I recently started mentoring a young junior developer who wanted to learn about DevOps and Cloud Infrastructure Engineering.I heard the saying “teach once, learn twice” where in teaching something, you learn the subject better yourself once from my martial arts teaching long ago, and I agree.

The mentoring experience gave me an opportunity to dive into and examine what DevOps is, how it’s supposed to be used and more importantly in my opinion, how and why it fails out in the real world.

What is DevOps

You’ve probably read enough definitions of DevOps to last you a lifetime, here’s the official wiki definition so for the sake of this post, DevOps is:

  • a set of principles & practices
  • that brings Dev and Ops together
  • in the pursuit of faster development time
  • to combine continous delivery
  • with high quality software

Now I’m going to paraphrase a bunch of DevOps knowledge I have in saying, DevOps is a way of thinking about how we should be working i.e. that we shouldn’t be siloed; that all teams are part of a big collaborative effort of delivering software for the company’s customers. That to speed things up we should be working in patterns and designs that make builds and tests and deployments faster, more automatable; that we should share knowledge between different teams to help and reap the benefits of that knowledge and those skills.

How is DevOps done?

Agile. The end.

Obviously I’m sure there may be other answers, but if the early ideas of DevOps came from the ‘Agile Systems Administration’ movement and were seeded in the idea of “agile infrastructure” or “agile operations”, then we can’t really think about DevOps without thinking Agile methodology.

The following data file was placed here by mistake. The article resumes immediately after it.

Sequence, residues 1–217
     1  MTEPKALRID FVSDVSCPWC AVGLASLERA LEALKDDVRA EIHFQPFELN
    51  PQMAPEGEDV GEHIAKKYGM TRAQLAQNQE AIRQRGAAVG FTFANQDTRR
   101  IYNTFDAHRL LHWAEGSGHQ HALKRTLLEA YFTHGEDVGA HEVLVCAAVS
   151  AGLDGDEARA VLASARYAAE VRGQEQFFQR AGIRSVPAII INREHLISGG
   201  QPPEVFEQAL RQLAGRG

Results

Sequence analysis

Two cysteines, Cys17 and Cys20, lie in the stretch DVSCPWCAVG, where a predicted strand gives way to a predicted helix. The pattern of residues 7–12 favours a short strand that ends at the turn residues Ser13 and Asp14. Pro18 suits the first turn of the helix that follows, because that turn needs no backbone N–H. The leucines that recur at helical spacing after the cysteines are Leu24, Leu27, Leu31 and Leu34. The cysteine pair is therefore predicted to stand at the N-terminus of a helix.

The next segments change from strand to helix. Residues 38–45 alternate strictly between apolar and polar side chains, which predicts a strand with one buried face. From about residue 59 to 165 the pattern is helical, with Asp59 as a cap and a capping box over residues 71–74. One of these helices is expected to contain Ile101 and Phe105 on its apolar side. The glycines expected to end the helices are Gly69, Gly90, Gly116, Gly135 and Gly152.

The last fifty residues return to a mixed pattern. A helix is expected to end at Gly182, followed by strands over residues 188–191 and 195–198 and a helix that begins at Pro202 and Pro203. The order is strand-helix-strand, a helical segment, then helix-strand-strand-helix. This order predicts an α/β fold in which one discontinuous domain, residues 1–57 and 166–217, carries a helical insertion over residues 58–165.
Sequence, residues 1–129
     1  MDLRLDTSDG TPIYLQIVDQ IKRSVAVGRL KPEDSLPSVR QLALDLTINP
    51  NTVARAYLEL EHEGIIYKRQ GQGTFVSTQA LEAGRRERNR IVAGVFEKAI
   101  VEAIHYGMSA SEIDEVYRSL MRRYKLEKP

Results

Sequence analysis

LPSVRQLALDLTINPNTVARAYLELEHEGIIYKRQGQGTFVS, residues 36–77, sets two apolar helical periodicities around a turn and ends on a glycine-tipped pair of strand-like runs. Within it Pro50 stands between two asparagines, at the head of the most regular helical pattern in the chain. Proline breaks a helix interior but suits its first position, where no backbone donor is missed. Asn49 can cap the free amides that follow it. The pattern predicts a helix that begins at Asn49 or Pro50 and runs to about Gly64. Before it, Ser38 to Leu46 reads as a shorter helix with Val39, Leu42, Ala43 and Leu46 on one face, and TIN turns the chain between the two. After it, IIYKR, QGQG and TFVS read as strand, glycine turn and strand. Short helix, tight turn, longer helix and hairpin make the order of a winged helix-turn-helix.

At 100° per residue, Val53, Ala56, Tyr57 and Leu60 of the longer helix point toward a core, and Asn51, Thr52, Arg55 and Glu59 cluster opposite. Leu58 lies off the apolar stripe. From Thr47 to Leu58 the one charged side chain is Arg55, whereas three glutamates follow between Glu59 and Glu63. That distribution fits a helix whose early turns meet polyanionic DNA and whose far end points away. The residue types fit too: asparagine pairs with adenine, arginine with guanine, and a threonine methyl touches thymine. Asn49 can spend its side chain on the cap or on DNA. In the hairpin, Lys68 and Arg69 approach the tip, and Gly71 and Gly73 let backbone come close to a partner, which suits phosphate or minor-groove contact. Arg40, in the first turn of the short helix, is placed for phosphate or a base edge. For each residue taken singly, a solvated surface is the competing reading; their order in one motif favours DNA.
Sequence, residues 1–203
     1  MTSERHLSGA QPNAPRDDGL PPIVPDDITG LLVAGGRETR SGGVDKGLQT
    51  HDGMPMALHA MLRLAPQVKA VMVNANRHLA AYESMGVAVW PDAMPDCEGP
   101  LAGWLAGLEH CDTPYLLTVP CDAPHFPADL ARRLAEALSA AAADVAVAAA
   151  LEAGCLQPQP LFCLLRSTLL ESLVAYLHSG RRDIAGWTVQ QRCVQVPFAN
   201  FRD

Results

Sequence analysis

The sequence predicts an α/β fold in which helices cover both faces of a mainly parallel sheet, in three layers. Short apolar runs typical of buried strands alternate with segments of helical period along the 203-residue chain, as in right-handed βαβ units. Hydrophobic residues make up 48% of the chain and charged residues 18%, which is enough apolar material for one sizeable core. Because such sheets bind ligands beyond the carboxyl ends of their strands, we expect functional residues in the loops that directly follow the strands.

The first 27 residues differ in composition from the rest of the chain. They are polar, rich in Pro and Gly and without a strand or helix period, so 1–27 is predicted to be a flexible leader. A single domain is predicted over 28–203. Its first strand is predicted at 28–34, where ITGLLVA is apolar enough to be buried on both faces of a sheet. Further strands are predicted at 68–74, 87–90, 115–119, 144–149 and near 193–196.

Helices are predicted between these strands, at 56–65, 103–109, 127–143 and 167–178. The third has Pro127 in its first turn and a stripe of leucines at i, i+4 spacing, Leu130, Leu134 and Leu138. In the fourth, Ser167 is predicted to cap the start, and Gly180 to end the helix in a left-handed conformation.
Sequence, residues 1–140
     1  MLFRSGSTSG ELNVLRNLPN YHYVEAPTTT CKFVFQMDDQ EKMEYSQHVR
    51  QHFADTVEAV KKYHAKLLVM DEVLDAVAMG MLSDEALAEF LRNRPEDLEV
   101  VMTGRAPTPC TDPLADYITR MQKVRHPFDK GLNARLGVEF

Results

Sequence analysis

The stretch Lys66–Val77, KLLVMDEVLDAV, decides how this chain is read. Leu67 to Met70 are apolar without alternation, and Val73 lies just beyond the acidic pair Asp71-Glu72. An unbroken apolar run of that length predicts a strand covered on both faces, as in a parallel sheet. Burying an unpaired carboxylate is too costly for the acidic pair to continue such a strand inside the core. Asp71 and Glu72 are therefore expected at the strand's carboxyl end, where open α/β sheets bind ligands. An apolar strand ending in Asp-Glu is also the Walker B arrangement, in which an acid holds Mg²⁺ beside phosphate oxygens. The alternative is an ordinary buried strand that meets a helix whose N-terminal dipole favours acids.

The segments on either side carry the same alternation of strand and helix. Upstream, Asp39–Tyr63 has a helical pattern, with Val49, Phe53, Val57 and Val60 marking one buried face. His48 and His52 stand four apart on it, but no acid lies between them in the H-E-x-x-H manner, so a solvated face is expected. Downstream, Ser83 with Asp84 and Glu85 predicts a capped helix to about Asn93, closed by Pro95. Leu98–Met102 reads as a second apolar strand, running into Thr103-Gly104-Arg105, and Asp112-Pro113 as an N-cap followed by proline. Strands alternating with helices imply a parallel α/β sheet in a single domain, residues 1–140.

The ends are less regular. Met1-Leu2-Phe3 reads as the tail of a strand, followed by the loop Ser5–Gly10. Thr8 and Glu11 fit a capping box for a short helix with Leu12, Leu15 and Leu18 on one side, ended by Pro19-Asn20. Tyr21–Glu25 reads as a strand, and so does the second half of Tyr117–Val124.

A great way I’ve heard it described which sums it up nicely for me is:

“DevOps is the culture, Agile is the method”

Now that we’ve got Agile in the frame, what principles can we look at when looking to make our teams and workflows “DevOps”?

(to save me re-writing everything, here are the note I gave my mentee)

  1. Iterative = things are done in iterations e.g. in sprints, you’ll work on ONE story through development, to deploying, testing, bug fixing
  2. Incremental = small changes at a time, you can increment, test, verify, detect bugs and move quickly through your work.
  3. Continuous = iterative + incremental helps achieve continuous integration (cos the changes are small you can integrate frequently). And continuous integration leads to continuous delivery because the code is either quickly integrated and working, or bugfixed and recycled through CI, until its deliverable.
  4. Automated = everything that can be automated, should be. automated builds, deployments and tests. Nothing should be done manually.
  5. Self-service = developers ability to provision their own infrastructure, deploy applications or configs themselves into their environments.
  6. Collaborative = working together in as ONE big cross-functional team, sharing knowledge and responsibilities for the product.